Chicago Symphony Strike Settlement Allows Carnegie Hall Concerts

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Chicago Symphony Orchestra

Members of the Chicago Symphony Orchestra ratified a three-year labor contract Tuesday morning, ending a two-day strike and clearing the way for next week’s three concerts at Carnegie Hall.

The players' vote on the agreement took place before a 10 am rehearsal Tuesday. Steven Lester, a CSO bassist and chair of the negotiating committee, said the votes in favor were "overwhelming."

The ratification will be finalized once the CSO board of trustees votes, which should take place in the next two days, said Rachelle Roe, an orchestra spokesman. Once ratified, it will take effect retroactively Sept. 17.

The season-opening dates at Carnegie Hall (Oct. 3-5), are considered among the most prestigious in classical music, and were briefly imperiled by the strike. WQXR will broadcast the opening-night gala, which features Orff’s Carmina Burana.

Details of the orchestra's accord weren’t released on Tuesday but Lester described it as a compromise. “It clearly wasn’t what we hoped for,” he said. “It was massively compromised on our part and on the association’s part. But the agreement is one we can live with for the next three years.”

Musicians went on strike Saturday over wages and health care costs, forcing the cancellation of the season’s first Saturday night show less than two hours before it started.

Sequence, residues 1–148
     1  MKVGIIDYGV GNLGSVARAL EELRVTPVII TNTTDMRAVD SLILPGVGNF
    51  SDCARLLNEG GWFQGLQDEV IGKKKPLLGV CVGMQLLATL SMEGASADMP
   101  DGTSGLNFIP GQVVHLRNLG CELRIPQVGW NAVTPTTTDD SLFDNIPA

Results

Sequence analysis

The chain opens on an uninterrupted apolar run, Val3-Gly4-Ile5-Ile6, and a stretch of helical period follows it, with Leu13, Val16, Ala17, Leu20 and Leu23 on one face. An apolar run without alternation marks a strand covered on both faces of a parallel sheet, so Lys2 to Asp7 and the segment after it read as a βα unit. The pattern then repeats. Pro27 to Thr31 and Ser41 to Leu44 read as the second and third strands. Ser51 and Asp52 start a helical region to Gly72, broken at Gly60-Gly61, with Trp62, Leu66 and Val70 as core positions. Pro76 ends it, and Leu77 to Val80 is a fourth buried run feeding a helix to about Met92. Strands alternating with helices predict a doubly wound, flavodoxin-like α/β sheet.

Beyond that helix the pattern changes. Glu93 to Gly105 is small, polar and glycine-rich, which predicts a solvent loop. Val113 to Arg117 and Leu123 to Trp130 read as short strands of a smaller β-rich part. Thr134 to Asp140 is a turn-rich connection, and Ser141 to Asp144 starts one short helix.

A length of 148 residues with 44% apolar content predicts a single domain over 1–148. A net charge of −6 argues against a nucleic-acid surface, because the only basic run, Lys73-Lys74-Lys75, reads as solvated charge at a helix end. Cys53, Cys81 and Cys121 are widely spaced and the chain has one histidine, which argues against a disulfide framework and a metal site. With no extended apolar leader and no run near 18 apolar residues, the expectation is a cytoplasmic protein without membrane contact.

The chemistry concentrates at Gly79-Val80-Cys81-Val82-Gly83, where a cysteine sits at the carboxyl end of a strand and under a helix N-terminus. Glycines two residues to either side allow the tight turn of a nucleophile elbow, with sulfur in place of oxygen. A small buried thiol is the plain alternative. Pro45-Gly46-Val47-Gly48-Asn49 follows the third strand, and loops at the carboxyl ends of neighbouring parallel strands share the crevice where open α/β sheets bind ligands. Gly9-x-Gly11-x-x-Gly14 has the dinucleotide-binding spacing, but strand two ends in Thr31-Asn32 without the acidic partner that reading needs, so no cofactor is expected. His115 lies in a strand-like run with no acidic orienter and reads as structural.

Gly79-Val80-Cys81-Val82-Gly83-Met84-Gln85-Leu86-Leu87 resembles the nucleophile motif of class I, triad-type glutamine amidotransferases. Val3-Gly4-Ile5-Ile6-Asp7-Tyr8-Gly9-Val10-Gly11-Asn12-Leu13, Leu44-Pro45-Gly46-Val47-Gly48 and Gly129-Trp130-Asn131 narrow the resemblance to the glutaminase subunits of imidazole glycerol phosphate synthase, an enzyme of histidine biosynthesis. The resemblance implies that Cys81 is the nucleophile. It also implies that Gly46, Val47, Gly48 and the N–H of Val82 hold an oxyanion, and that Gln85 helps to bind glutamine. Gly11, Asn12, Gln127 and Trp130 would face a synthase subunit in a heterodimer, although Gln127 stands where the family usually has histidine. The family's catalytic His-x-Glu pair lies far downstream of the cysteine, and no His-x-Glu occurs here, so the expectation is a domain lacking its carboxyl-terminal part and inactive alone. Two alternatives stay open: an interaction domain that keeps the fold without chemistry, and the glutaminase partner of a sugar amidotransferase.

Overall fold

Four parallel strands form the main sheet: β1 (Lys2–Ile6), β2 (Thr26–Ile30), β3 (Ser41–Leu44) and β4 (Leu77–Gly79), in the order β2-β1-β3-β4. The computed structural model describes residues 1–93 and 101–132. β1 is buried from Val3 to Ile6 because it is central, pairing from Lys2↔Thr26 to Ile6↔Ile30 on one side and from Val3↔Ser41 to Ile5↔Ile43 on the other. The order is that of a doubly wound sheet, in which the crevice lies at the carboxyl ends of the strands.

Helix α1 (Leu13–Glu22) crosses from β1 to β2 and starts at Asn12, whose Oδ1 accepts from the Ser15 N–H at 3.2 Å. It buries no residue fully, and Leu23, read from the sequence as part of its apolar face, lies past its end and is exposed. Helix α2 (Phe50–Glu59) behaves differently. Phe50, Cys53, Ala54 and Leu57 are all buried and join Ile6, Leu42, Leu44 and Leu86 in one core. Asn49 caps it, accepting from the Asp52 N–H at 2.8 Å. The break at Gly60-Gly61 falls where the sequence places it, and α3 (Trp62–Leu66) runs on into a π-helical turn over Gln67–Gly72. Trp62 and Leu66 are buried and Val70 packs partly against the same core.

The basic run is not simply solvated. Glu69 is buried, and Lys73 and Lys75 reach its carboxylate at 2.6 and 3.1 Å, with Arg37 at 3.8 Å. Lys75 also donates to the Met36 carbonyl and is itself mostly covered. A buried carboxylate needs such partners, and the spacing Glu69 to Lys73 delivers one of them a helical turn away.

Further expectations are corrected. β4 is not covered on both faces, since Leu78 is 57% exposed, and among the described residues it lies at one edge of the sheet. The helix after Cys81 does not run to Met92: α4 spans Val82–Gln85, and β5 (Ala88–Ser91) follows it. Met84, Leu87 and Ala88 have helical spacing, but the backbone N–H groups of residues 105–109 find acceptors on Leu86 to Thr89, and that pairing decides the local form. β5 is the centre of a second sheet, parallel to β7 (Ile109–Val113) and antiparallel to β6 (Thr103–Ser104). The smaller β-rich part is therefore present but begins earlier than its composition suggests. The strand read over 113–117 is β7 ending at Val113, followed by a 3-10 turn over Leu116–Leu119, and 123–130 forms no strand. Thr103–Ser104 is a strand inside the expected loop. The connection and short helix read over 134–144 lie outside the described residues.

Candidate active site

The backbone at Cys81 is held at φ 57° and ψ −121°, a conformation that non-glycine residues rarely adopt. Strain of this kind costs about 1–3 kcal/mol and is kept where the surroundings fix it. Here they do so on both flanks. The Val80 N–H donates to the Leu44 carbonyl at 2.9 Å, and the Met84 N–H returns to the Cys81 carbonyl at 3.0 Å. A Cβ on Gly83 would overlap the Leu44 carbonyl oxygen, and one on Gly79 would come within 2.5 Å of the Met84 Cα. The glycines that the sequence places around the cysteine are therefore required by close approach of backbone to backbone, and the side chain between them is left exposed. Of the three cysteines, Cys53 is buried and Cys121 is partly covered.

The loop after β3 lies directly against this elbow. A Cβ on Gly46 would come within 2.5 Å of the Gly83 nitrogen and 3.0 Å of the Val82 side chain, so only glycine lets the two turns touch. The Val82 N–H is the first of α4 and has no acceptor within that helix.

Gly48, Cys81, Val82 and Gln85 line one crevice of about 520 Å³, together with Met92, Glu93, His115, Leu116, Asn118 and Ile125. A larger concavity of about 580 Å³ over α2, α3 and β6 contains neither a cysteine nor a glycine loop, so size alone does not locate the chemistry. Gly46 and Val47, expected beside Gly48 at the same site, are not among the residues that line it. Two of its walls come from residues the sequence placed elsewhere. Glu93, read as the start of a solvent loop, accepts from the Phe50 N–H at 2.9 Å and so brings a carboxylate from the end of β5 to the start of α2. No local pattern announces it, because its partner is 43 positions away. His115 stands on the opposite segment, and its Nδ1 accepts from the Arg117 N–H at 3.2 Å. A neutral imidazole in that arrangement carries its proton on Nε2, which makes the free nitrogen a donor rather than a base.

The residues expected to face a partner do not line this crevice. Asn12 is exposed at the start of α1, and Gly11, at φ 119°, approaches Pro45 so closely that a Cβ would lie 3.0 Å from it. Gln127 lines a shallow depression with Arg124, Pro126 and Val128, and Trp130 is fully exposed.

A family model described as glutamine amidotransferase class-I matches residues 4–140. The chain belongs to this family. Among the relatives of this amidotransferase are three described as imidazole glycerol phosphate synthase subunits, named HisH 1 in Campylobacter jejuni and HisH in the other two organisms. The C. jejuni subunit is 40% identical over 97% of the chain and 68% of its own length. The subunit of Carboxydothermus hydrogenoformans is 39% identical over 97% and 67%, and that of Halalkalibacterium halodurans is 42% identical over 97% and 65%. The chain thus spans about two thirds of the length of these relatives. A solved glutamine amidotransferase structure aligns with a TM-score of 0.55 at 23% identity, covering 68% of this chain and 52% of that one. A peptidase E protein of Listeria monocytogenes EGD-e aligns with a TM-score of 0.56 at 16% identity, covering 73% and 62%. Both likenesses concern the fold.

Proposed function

“The net effect is we would pay more but not anywhere near as much as they wanted us to pay,” Lester said of the contract's provisions for health care contributions.

The Chicago Symphony's strike was remarkably brief at a time when several major American orchestras are slogging through difficult and protracted contract negotiations.

The Minnesota Orchestra is in federal mediation, as orchestra negotiators want to cut the average base pay for musicians from $135,000 to under $90,000. Musicians continue to play without a contract in Cleveland, but concerts of the Indianapolis Symphony Orchestra have been called off while talks continue.

The musicians of the Atlanta Symphony Orchestra -- which have been locked out since Aug. 25 with no paychecks or insurance -- have voted to accept $5.2 million in pay and benefit cuts if, they say, administrative staff share the sacrifice.

Lester said the Chicago musicians are pleased with the swift resolution. "We’re very happy to be back at work and getting ready for our trip to New York next week."

With the Associated Press